Item number one on the list of things I plan to get done this month (absurdly long and in truth yet to be composed into one comprehensive entity) is to tidy/sort/bin/hide in another room, the mountain of “stuff” on my desk.  Desk sounds very impressive doesn’t it?  Are you envisaging a highly shined mahogany expanse, so broad I zip up and down the length in my castered smoker’s bow?  Alas not.  It is an old pub table, too small for its purpose, although this has not thwarted me in my mission to pile nonsense on every available millimeter.  And some that aren’t available.  Trying to find anything is like playing is a rather unstable version of Jenga.  Attempting to tame this chaos was today’s job, although I am yet to venture beneath, that joy will be saved for another occasion.  Amongst the weird, wonderful and sometimes diverting, I found a folded piece of paper.  Knowing the enemy, I carefully opened it.  Dahlia seed.  As there are no accompanying notes, that is all I know.  I suspect it is from a special dahlia, but other than that I haven’t got a clue.  The seed are now safely filed away, in a packet marked Mystery Dahlia 2019.  Sounds exotic.  We shall see.

Mixed Pleasures


The last few days have been of mixed pleasures.  Catching the sunlight filtering through this dinner plate dahlia was a fine one.  A car that wouldn’t start was not so good.  The full story, one of mechanical mystery peppered with idiot operator, may well follow.  In the meantime, I think we should dwell on the pretty dahlia.

Featuring: Mr and Mrs Bun


Here is one of my favourite corners of Mr and Mrs Bun’s garden and this photo was taken in August 2016.  The steps lead down towards Garden Room, bypassing the top section of the garden.  The soil here is typical builder’s residue.  This detritus is so prevalent these days that I think the powers that be should accept this as an official category along with clay, silt and sand.  We have improved the structure and fertility as we can, adding compost and seaweed fertiliser, and for all its bricks and string and nails this sunny little corner seems to thrive.  Each year the permanent planting is supplemented by itinerants, such as dahlias and annual rudbeckia.  This particular year the burgeoning beauties were held back by a low hedge of Tagetes ‘Lemon Gem’ which provided not only colour but fragrance.  Lovely.  My cockles are warmed.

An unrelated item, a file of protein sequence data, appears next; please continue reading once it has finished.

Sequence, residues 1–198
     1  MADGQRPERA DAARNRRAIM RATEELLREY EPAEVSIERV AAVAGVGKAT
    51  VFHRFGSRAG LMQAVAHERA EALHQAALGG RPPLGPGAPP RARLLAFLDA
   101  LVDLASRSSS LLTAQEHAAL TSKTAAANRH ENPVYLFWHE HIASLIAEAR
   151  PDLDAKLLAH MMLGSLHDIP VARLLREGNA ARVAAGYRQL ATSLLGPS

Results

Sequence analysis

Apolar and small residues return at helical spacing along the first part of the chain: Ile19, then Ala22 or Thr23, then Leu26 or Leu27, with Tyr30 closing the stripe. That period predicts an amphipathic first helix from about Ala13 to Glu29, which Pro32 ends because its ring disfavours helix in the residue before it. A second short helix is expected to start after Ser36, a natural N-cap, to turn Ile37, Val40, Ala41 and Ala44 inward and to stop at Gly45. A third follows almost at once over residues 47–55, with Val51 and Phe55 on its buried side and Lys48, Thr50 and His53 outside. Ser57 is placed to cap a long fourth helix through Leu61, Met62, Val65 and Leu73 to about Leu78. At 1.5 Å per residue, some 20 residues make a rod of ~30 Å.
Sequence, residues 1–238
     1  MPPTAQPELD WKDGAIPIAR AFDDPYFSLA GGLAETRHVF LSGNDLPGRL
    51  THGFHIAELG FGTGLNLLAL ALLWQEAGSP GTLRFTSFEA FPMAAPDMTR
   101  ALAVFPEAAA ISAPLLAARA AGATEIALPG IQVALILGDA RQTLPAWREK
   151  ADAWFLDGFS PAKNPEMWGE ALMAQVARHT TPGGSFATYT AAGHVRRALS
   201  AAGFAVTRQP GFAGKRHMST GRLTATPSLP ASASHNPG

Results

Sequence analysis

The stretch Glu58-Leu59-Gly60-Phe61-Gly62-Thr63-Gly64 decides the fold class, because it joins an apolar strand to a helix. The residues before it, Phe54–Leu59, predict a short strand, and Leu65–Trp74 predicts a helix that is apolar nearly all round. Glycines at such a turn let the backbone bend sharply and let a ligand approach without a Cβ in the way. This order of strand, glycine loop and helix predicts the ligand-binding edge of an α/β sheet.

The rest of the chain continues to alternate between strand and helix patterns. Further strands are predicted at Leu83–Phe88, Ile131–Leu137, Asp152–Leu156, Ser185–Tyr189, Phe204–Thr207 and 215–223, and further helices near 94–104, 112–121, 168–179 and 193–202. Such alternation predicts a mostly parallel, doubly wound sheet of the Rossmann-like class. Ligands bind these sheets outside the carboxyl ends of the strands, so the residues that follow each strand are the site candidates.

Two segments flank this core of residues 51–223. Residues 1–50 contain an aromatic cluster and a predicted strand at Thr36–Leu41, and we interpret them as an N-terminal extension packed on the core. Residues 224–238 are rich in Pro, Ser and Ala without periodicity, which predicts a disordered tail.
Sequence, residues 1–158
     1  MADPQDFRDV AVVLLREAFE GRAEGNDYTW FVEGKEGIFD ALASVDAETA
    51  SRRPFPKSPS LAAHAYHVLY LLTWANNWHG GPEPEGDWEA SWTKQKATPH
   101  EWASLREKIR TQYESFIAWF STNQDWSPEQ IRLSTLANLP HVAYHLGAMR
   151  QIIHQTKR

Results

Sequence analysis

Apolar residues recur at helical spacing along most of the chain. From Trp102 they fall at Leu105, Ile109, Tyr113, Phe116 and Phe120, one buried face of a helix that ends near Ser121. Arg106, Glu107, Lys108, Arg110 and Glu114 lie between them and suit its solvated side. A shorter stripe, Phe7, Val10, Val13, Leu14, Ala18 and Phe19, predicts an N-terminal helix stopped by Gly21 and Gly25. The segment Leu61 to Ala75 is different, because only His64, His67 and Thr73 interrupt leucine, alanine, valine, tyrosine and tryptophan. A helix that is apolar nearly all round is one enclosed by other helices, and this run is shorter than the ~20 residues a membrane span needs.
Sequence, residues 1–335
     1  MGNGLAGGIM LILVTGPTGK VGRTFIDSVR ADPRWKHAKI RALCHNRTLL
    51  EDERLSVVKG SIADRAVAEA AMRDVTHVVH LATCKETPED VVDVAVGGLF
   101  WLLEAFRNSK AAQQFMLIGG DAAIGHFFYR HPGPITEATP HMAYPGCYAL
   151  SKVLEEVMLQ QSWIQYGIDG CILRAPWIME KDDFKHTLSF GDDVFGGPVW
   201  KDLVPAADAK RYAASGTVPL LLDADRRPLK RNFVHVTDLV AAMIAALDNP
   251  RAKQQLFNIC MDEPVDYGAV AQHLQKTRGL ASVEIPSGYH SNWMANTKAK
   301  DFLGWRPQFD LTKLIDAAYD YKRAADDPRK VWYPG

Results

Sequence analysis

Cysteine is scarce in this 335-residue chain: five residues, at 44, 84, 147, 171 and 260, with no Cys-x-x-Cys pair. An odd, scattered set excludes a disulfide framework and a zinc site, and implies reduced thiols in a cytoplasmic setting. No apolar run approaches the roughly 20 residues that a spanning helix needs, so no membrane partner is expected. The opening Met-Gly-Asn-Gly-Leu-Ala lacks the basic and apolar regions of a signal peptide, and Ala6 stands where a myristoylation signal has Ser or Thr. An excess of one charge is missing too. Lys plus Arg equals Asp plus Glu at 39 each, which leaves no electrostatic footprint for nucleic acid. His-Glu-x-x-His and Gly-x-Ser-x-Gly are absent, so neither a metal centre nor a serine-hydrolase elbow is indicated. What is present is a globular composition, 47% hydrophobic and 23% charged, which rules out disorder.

Six on Saturday – Monochrome

dahlia seed head

This week I have, like many others it would seem, been undertaking a challenge.  My task has been to post a black and white photograph on Facebook, each day for seven days.  Usually I avoid these modern day chain letters, but on this occasion I thought it might be good fun.  There are a few rules.  The picture is to reflect the contributor’s daily life, must not feature people and the contents are to be left unexplained.   So on this dismal November day I thought I would continue this theme with my Six on Saturday, the only other internet team sport I participate in, curated by the magnificent The Propagator.